When the Spanish settlement of Sevilla la Nueva was moved from the coast to higher ground, construction of a cut stone Church was started in 1534 by Abbot Peter Martyr of Angleria, Italy. Only the Church walls were built as in 1534 the Spanish centre of Government was moved to Spanish Town. No plans of the Church were found but English historian, Hans Sloane refers to it “…the Church was not finished…built of a type of stone between free stone and marble, taken from the quarry about a mile up the hill…the west gate of the church was very fine work and stands entire, standing seven feet wide and as high before the arch began. Over the door in the middle was Our Saviour’s head with a crown of thorns.” This incomplete structure was known as the Peter Martyr Church. In 1770, Edward Long condemned the British for their apparent indifference to Spanish architecture in Jamaica and for allowing the Church to fall into ruin.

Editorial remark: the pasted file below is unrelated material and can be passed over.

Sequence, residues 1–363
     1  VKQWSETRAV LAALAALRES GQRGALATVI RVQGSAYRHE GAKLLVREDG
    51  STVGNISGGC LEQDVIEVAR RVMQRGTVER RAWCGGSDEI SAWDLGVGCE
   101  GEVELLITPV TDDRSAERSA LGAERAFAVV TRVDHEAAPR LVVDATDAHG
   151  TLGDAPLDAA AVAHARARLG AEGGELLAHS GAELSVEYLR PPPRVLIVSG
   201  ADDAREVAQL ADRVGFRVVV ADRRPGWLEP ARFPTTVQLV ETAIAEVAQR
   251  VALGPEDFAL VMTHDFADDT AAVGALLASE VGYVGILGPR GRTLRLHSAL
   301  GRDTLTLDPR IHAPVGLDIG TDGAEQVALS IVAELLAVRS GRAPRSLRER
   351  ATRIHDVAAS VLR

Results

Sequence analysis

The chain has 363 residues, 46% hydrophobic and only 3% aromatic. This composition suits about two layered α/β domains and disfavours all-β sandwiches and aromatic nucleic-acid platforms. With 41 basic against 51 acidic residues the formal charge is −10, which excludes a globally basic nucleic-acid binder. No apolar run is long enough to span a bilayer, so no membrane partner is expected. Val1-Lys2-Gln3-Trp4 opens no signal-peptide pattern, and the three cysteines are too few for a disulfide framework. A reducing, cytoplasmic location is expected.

In 1925, the owner of the Seville Estate, Mr. William Hoskins gave title to five acres of land containing the Peter Martyr Church site to the Catholic Bishop. Mr. Hoskins felt that the site of the historic remains of the first stone church should be given back to the Catholic Church. The pastor for the area, Father Raymond Sullivan, began a vibrant fund raising campaign to build a church. It was decided that as far as possible only local material should be used in its construction. The Superintendent of the Public Works for St. Ann, Mr. Harold Brownlow was engaged as the architect and between 1939 and 1943; a beautiful “Spanish style” church was constructed from cut-stone and local timber. This Church which was named Our Lady of Perpetual Help Church, was built adjacent to the site of the Peter Martyr Church ruins and is located on the same property. In fact, some of the stones used in the construction of Our Lady of Perpetual Help Church originated from the structure of the Peter Martyr Church. This current Church is therefore forever linked and intimately associated with early Sixteenth Century Church.